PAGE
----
For some tweenagers and teenagers, this next month of July begins their long vacation before the next academic year begins. For some teenagers, it’s the end of their secondary education as they await their exam results that will usher them into tertiary educational institutions. The months of July and August (and September, in some cases) are for preparing for university (that’s college, for our USA-literate readers).
Here it comes, College!
Said preparation is usually a mixed bag of a flurry of activities, and they vary from person to person. While some are in the process of applying and waiting for their student visas (to study abroad), others, armed with their admission letters to universities right here in Ghana, are going through the motions of locating their halls of residences and paying all the attendant fees.
The bottom line is that the next few months are what I call ‘real-life season’, where for the first time in most teenagers’ lives, they will be ‘on.their.own…by themself!’ It can be exciting as it suggests a foretaste of ‘freedom’ from your parents’ guidance (known as ‘control’, to you), making a host of new friends in a new environment, sharing spaces with others, no curfew…yes, your newfound freedom knows no bounds, you believe.
Whether your real-life season is in Ghana or abroad, one fact remains though, that with freedom comes responsibilities. You do know what those are, right? Well, in university, notes-taking, reading texts, studying for exams, writing essays, and presenting research work include your responsibilities; as are time management, goal setting, and managing your money, you see.
So now that I have given a glimpse into what university life entails, I have a question for you. May I shoot?
How ready are you for college/university life?
Your high school years should provide you an abundance of opportunities to develop your problem-solving skills and maturity as you’ll require these to succeed in college. This is why you must, when in high school, take challenging courses that let you expand your academic competences to build on your future education goals.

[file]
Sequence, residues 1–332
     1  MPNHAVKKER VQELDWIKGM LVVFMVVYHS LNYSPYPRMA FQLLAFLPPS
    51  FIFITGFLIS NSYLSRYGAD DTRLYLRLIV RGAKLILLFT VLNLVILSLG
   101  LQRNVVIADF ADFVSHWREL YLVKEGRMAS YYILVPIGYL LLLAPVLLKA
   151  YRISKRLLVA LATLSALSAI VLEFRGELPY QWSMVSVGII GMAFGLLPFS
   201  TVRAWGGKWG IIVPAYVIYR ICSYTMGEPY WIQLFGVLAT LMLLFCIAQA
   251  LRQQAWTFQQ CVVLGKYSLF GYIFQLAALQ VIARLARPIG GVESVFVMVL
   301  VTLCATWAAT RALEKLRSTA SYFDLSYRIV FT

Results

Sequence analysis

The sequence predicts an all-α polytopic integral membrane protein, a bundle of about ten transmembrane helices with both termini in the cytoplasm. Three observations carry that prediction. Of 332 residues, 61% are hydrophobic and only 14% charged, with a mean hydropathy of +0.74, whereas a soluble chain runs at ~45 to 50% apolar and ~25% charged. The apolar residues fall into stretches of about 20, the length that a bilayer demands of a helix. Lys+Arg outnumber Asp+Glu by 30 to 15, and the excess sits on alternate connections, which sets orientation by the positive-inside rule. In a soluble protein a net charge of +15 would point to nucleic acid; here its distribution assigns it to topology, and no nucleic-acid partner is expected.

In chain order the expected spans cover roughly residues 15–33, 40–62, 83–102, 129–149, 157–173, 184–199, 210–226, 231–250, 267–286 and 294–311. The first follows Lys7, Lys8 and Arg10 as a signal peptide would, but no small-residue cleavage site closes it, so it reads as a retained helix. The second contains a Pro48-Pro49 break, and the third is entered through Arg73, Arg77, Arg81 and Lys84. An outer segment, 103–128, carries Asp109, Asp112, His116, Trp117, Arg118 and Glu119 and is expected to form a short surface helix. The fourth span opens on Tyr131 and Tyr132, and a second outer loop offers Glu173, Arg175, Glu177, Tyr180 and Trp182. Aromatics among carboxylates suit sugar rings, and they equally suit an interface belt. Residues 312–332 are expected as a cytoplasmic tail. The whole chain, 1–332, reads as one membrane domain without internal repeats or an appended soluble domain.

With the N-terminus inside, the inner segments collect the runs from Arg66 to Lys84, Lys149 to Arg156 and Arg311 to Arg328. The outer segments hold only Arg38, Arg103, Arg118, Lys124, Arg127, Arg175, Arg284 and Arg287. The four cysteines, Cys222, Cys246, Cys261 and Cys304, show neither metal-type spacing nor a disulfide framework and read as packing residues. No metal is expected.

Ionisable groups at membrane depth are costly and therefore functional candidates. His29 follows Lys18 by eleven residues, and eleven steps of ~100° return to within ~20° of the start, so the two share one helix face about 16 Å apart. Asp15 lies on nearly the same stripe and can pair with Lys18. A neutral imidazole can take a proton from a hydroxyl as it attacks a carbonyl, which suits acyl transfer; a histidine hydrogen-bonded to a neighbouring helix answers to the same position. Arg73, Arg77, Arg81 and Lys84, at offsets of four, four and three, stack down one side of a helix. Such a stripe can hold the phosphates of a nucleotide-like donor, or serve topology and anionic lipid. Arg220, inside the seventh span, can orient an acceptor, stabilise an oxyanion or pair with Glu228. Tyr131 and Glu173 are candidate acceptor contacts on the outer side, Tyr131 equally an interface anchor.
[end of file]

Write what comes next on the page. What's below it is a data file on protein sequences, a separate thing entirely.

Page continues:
Discovering your passions and getting involved in extracurricular activities during your high school years pay off in college as they groom your social skills and expose you to other skills that cannot be taught or learnt through your academic work.
From this day forth, as a high schooler, start making a list of the life skills you would (and should) like to learn, and keep adding to it.
- Cooking – let no one tell you otherwise. It sure is a life skill when you know how to save yourself from starvation. What’s your favourite meal? And what other basic meals should you keep at your fingertips to see you through college? Ask your parents or housekeeper to teach you, and begin to practise over weekends and holidays.
- Laundry: There are basics in doing this efficiently so your coloureds do not end up staining your whites. Who, at home, can teach you this? Because in university, no one will have the time to.
- Time management: Something as simple as learning to keep a ‘To-Do’ list can set you straight on this path.
- Be bilingual: It doesn’t matter what other language you learn to speak; it could be any Ghanaian language, for instance. The added benefit of being able to speak a Ghanaian language is how much depth it begins to give your oral and written communications.
- Others: What about how to set short-term goals and achieve them? Can a teacher or mentor help you with that? Or could you go online to research? How about personal safety, money management and world affairs?
Many skills you can learn by watching online tutorials in addition to getting the experience first-hand. Depending on how many life skills you want to learn before setting off to university, create a plan and set a goal — such as learning and practising one new skill every month.
While it may seem to you that your college years are far away, that season will be here before you know it! So, plan to make the most of the next couple of years, and you will be thankful when your diligence pays off in college, then life!